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Re: OT-CHAT: Wedding

From: celia storey <storey@aristotle.net>

>they were married.
Every marriage is a mistake, of course, but we can learn great things from
our mistakes. The best mistakes will make us stronger, kinder, more
confident and less prone to self-indulgence.

The best mistake I ever made was marrying Michael Storey. I hope for you
two the same sort of modified happiness we have enjoyed -- and endured --
these 18 years. He is my best friend, my harshest critic, my meanest
playmate, my kindest refuge, my sternest competitor, my favorite charity,
my weakness and my strength.

By coincidence, Saturday night as I crawled into our bed, prepared to
snuggle into the down pillow his grandmother gave me for a wedding present
18 years ago (and no, it has not been refurbished in all that time, and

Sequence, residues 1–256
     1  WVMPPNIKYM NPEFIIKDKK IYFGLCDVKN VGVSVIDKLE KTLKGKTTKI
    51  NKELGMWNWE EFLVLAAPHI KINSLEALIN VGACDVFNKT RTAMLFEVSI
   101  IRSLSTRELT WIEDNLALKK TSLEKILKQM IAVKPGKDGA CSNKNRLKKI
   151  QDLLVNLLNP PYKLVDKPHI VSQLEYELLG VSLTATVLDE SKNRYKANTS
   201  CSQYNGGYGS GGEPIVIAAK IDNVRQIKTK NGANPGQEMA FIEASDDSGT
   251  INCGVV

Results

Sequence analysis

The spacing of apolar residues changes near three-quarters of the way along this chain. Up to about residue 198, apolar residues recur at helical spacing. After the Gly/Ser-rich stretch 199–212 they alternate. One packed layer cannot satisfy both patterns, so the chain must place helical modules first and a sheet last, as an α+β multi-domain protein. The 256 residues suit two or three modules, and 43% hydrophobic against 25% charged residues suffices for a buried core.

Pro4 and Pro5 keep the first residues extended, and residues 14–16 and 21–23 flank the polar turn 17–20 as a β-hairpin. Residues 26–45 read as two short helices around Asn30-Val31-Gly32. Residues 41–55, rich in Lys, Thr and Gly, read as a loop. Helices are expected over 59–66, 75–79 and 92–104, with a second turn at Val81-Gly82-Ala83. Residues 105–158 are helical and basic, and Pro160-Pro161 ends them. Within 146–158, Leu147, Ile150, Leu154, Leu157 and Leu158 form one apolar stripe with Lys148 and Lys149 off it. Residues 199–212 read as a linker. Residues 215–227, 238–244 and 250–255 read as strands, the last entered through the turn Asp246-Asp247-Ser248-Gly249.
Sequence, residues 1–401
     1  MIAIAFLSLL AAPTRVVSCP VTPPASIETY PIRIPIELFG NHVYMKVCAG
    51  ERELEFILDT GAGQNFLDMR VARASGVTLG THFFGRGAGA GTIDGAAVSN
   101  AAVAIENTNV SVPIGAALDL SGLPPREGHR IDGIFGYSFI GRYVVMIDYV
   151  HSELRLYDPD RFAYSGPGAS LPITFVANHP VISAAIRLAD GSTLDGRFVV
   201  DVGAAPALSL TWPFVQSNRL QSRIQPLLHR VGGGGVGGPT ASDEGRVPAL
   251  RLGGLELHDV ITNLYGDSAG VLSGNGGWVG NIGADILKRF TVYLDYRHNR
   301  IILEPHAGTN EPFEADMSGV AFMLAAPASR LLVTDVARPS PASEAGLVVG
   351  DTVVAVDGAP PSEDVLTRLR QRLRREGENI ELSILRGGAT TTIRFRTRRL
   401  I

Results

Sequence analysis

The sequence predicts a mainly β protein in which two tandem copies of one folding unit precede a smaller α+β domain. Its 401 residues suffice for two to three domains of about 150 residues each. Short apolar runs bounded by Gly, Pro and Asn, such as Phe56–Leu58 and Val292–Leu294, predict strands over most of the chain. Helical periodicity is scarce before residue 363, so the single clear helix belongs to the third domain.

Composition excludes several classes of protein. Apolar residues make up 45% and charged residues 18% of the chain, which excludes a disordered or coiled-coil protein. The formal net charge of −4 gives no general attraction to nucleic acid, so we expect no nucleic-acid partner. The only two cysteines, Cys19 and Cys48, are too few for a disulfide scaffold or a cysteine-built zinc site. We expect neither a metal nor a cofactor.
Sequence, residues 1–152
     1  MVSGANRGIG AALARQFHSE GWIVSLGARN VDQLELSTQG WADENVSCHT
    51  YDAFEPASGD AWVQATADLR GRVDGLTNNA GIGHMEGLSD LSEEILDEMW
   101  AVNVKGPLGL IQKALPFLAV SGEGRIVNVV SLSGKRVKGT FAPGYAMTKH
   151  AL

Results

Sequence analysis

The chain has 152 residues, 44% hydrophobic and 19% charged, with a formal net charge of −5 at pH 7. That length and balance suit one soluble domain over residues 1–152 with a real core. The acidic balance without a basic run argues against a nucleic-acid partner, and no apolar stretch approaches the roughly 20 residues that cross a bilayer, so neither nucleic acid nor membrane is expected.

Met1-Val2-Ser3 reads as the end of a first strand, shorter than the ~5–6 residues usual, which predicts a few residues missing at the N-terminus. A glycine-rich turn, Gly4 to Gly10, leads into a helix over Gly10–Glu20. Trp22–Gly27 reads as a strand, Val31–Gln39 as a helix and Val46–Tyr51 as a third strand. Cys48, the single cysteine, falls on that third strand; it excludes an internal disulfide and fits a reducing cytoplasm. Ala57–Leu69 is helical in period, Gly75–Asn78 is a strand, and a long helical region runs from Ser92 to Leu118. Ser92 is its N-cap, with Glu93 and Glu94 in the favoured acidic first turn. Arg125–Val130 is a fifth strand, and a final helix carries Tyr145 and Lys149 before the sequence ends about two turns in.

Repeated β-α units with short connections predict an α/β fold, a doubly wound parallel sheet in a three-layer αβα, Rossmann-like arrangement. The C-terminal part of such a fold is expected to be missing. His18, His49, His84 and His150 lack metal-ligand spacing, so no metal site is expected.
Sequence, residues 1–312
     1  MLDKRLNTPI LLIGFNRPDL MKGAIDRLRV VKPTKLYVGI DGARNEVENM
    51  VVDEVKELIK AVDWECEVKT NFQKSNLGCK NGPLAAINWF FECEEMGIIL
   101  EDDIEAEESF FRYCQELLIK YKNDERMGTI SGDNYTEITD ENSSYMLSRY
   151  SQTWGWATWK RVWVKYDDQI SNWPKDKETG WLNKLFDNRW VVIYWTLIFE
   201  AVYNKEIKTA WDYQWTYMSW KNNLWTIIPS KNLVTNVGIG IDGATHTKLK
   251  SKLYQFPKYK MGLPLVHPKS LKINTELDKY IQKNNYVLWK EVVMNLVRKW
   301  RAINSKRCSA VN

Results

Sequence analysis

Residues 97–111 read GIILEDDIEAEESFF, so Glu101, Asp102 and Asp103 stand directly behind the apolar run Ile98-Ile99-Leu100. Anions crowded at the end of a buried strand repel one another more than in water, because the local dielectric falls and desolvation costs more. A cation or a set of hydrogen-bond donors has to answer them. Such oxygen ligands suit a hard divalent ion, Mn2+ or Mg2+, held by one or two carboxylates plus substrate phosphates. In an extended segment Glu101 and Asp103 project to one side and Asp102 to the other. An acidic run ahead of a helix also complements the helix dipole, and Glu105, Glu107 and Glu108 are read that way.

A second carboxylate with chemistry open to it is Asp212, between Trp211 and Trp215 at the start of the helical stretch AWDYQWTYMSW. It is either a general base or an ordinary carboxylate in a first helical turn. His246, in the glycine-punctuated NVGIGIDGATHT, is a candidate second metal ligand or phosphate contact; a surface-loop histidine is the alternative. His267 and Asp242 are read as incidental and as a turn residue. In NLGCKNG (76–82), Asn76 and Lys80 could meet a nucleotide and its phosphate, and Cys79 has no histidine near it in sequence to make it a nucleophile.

yes, it is probably world headquarters for Dust Mites International), I
happened to notice something hard and straight poking under the ticking.
Being suitably sleepy, I didn't much feel like investigating, but I tried,
just long enough to realize this was a nail -- a flathead nail -- packed in
among the matted down.

Such an obvious metaphor, you will imagine I must be inventing, but I'm
not. Eighteen years I have curled up to sleep every night with a nail in my
pillow, and never noticed.

I tried briefly, halfheartedly, to work it out through a little hole from
which a bit of white down feathered out; but I soon quit trying. What was
one more night after so very many? So it has come to this, I thought,
drifting off to sleep: I find an actual nail in my marriage pillow, but I'm
too comfortable to care.

Really, there's nothing more hopeful I could wish you two. "All the best"
is not good enough, because "the best" does not improve us. It isn't odd
enough to suggest the progress of a happy marriage, not odd enough by half.

Celia Storey
Little Rock

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